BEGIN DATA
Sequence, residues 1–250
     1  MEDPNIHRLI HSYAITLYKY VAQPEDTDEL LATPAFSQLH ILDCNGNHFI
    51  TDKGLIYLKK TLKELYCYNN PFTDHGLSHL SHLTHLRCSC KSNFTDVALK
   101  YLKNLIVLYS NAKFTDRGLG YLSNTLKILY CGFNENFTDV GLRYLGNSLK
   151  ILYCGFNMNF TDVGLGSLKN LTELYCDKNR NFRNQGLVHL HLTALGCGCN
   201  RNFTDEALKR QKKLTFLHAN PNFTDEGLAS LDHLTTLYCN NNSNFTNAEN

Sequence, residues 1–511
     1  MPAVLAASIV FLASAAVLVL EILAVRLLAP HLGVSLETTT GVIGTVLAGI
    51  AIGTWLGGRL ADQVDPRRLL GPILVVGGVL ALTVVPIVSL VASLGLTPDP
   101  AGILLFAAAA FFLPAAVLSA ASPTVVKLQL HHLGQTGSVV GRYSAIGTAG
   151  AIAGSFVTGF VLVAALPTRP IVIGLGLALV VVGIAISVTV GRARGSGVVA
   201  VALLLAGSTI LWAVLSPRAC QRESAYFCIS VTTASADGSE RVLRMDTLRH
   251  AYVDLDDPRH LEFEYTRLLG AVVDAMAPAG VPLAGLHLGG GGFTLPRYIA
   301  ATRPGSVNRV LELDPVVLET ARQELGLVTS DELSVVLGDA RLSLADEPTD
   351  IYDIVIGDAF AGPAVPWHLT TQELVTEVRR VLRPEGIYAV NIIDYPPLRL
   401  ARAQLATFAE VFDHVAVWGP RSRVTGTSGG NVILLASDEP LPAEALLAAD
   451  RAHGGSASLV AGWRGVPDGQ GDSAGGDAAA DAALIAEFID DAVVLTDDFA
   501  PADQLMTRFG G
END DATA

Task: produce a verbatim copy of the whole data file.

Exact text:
Sequence, residues 1–250
     1  MEDPNIHRLI HSYAITLYKY VAQPEDTDEL LATPAFSQLH ILDCNGNHFI
    51  TDKGLIYLKK TLKELYCYNN PFTDHGLSHL SHLTHLRCSC KSNFTDVALK
   101  YLKNLIVLYS NAKFTDRGLG YLSNTLKILY CGFNENFTDV GLRYLGNSLK
   151  ILYCGFNMNF TDVGLGSLKN LTELYCDKNR NFRNQGLVHL HLTALGCGCN
   201  RNFTDEALKR QKKLTFLHAN PNFTDEGLAS LDHLTTLYCN NNSNFTNAEN

Sequence, residues 1–511
     1  MPAVLAASIV FLASAAVLVL EILAVRLLAP HLGVSLETTT GVIGTVLAGI
    51  AIGTWLGGRL ADQVDPRRLL GPILVVGGVL ALTVVPIVSL VASLGLTPDP
   101  AGILLFAAAA FFLPAAVLSA ASPTVVKLQL HHLGQTGSVV GRYSAIGTAG
   151  AIAGSFVTGF VLVAALPTRP IVIGLGLALV VVGIAISVTV GRARGSGVVA
   201  VALLLAGSTI LWAVLSPRAC QRESAYFCIS VTTASADGSE RVLRMDTLRH
   251  AYVDLDDPRH LEFEYTRLLG AVVDAMAPAG VPLAGLHLGG GGFTLPRYIA
   301  ATRPGSVNRV LELDPVVLET ARQELGLVTS DELSVVLGDA RLSLADEPTD
   351  IYDIVIGDAF AGPAVPWHLT TQELVTEVRR VLRPEGIYAV NIIDYPPLRL
   401  ARAQLATFAE VFDHVAVWGP RSRVTGTSGG NVILLASDEP LPAEALLAAD
   451  RAHGGSASLV AGWRGVPDGQ GDSAGGDAAA DAALIAEFID DAVVLTDDFA
   501  PADQLMTRFG G